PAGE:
I didn’t know it at the time, but my first ever encounter with the wider world of video game criticism was through a post by L.B. Jefferies. That post lead me to the Brainygamer, Mitch Krpata and the rest is history. In those early days, the scene was a small one. Small enough that ‘Mapping the Brainysphere‘ didn’t seem like an ironic or ludicrous title for a post.
I didn’t quite realize it at the time of trying to reorient the CDC podcast along with the then new direction of the site what I was doing in my choice of guests. First it was a bunch of people I felt I could chat with easily and if I screwed up wouldn’t be a big deal. But upon relistening to the three interviews I did do (one left in the backup archive) before collapsing in on myself two years ago into utter existential dread I found a subconscious thread between them. They were the three individuals that influenced me the most in my critical style, persona and position within the community.
But non more so that L.B. Jefferies. Back in the day, anytime I read something of his I wished I could have been able to be that good. To think that well. Hell, after I did my post on Myst a few months back PopMatters algorithm suggested his review of the DS version from several years ago. It is one of the most amazing reviews I’ve ever read. He manged to do with ease what I’m still struggling to figure out week to week.Two my early posts on this site were solely for the purpose of keeping several of his essays easily on hand. And I will admit when asked what day I’d like to publish on PopMatters, I chose Tuesday because that was his day.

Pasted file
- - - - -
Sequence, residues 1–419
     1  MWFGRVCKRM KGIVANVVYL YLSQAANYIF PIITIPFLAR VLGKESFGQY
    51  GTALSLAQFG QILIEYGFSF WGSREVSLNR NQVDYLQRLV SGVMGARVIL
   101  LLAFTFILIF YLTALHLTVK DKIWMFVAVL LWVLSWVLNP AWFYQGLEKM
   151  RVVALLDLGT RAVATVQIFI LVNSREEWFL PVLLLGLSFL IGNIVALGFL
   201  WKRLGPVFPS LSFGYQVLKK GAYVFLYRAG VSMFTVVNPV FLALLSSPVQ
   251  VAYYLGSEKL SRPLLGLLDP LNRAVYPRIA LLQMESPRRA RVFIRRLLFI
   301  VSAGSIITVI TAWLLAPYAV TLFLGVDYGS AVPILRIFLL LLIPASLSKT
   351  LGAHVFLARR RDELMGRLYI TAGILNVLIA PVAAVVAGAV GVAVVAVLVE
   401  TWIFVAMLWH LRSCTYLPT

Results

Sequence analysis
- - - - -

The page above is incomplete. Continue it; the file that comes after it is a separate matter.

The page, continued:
He has retired now and his name is probably not recognizable to most of the contemporary critics writing nowadays. His name lost in the mists of time. (4 years that’s all it takes nowadays.) I don’t want that to happen. So many names and so much writing just lost and forgotten with nary a care of consideration. This podcast is my small attempt to push back on that.